Trump tells supporters he’s tested ‘totally negative’ for coronavirus

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President Trump said in a phone call to a group of supporters on Sunday that he had “tested totally negative” for the novel coronavirus, despite White House physcian Navy Cmdr. Dr Sean Conley, not releasing any new statements on the president’s health.

“I tested totally negative,” Trump said in an audio message his campaign posted on YouTube. “I’m going to be in Florida tomorrow working really hard because it’s an election we have to win.”

Despite Trump’s claim he tested negative for the virus, the White House has not released any information since Conley sent a memo on Saturday saying the president was no longer at risk of transmitting the coronavirus. Conley, however, did not explicitly say whether Trump tested negative for it.

A person may not have any symptoms and may not be at risk of passing the virus on to other people and may still have the coronavirus in their system.

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The president’s comments to supporters came just hours after Trump spoke on Fox News’ “Sunday Morning Futures” where he told host Maria Bartiromo he was “immune” to the virus.

“I am immune,” Trump said. “The president is in very good shape to fight the battles.”

While survivors of most viruses develop antibodies that prevent them from being infected again with the disease, research is still unclear whether this is the case with COVID-19. Viruses can also mutate and cause individuals to become infected with another strain of the virus, as was the case with the Spanish flu pandemic of 1918.

Harvard researchers recently found that patients with COVID-19 can be protected from reinfection for up to four months.

While there is evidence that reinfection is unlikely for at least three months, even for people with a mild case of COVID-19, very few illnesses leave people fully immune for life. Antibodies are just one part of the body’s defenses and they naturally decrease over time.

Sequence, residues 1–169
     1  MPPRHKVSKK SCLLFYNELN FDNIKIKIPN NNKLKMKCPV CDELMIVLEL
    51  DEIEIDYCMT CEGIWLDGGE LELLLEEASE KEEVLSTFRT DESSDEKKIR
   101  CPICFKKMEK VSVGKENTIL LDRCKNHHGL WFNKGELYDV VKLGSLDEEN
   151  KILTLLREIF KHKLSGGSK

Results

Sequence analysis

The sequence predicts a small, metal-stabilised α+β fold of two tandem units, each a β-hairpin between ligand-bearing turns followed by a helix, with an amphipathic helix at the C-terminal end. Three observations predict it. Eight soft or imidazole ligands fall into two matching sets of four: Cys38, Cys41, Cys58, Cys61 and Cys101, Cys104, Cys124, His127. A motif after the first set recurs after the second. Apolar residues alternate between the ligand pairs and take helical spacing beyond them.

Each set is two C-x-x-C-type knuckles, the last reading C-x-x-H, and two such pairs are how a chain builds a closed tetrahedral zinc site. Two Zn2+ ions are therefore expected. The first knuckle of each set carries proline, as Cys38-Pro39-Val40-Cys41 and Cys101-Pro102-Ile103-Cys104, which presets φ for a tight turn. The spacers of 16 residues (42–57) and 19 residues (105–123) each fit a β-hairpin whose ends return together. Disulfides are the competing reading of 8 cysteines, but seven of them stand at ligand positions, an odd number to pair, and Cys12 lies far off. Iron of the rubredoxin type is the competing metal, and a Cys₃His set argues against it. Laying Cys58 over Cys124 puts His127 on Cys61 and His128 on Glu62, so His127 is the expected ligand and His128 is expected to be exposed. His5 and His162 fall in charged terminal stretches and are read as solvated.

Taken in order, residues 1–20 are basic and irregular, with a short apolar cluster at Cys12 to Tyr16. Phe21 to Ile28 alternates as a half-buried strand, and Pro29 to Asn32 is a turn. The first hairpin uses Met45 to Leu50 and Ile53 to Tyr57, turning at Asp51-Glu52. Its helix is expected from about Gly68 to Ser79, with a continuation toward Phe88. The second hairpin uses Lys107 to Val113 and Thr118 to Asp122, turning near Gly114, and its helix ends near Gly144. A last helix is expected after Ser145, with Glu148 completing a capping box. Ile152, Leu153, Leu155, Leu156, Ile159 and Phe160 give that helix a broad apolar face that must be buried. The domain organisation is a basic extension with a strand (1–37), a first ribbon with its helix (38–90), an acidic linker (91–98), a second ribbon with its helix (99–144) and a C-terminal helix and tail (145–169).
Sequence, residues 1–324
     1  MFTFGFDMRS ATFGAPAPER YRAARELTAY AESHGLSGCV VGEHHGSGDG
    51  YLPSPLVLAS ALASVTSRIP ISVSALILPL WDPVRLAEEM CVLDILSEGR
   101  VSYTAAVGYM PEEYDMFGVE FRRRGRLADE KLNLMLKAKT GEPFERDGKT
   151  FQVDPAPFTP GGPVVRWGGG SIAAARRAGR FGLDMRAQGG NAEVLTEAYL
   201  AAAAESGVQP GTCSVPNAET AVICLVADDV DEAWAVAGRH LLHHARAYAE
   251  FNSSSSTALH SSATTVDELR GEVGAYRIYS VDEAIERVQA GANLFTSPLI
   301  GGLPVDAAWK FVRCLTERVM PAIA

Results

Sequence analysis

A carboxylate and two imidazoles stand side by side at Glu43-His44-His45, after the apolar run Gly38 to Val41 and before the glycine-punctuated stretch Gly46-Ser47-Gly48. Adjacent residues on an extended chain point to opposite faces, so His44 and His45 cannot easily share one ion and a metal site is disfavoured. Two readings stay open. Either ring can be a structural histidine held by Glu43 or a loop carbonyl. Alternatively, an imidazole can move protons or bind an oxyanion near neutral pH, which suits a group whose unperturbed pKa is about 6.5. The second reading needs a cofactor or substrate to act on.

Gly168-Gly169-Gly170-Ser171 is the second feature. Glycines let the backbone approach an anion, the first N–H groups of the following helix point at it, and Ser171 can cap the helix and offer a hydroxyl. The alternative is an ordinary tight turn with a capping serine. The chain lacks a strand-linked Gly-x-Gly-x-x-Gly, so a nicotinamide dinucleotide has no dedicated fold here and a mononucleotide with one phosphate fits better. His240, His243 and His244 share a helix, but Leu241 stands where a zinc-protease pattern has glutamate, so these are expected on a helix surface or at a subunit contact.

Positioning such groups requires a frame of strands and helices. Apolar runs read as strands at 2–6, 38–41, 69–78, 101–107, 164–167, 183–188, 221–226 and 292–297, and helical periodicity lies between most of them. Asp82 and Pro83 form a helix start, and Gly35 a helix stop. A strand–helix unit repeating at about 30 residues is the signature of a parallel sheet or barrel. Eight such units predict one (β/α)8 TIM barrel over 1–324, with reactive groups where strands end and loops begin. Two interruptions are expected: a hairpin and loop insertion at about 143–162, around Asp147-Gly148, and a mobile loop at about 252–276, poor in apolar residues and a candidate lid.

“It’s certainly presumptuous to say it’s a lifetime,” said Dr. Albert Ko, infectious disease specialist and department head of the Yale School of Public Health.

As to whether Trump could still be contagious, Ko said the White House appeared to be following CDC guidelines for when it is appropriate to end isolation after mild to moderate cases of COVID-19.

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But Ko warned those who have had severe cases of illnesses should self-isolate for 20 days. He noted that Trump was being treated with the steroid dexamethasone, which is normally reserved for patients with severe COVID.

Some medical experts are skeptical that Trump could be declared free from the risk of transmitting the virus so early in his illness. Just 10 days after an initial diagnosis of infection, there was no way to know for sure someone was no longer contagious, they said.

His return to full-fledged rallies will take place in Florida on Monday, a comeback that comes with the president facing stubborn deficits in the polls. The Trump campaign and the White House have not indicated that additional security measures will be taken to prevent transmission of the virus among people traveling on Air Force One, at the event site or at rallies scheduled for Pennsylvania. and Iowa later in the week.

Campaign officials have reported that Trump will travel almost every day for the remainder of the campaign and sometimes make more than one stop, an aggressive schedule for a 74-year-old man who was hospitalized just days ago.

On Sunday, Trump said in a tweet that he had “the full and complete approval of White House doctors” to return fully to the election campaign, insisting that he could no longer spread the disease to others and that he was insensitive to the disease.

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It’s far from certain, and Twitter later flagged its tweet with a fact-checking warning.

Dr Marc Lipsitch, an infectious disease expert at the Harvard School of Public Health, said the doctor’s letter did not provide enough information to be sure Trump was no longer contagious to others. He noted that Trump’s steroid use could prolong viral shedding, so the CDC’s 10-day standard may or may not apply.

“It’s a matter of judgment,” he said.

The Associated Press contributed to this report.

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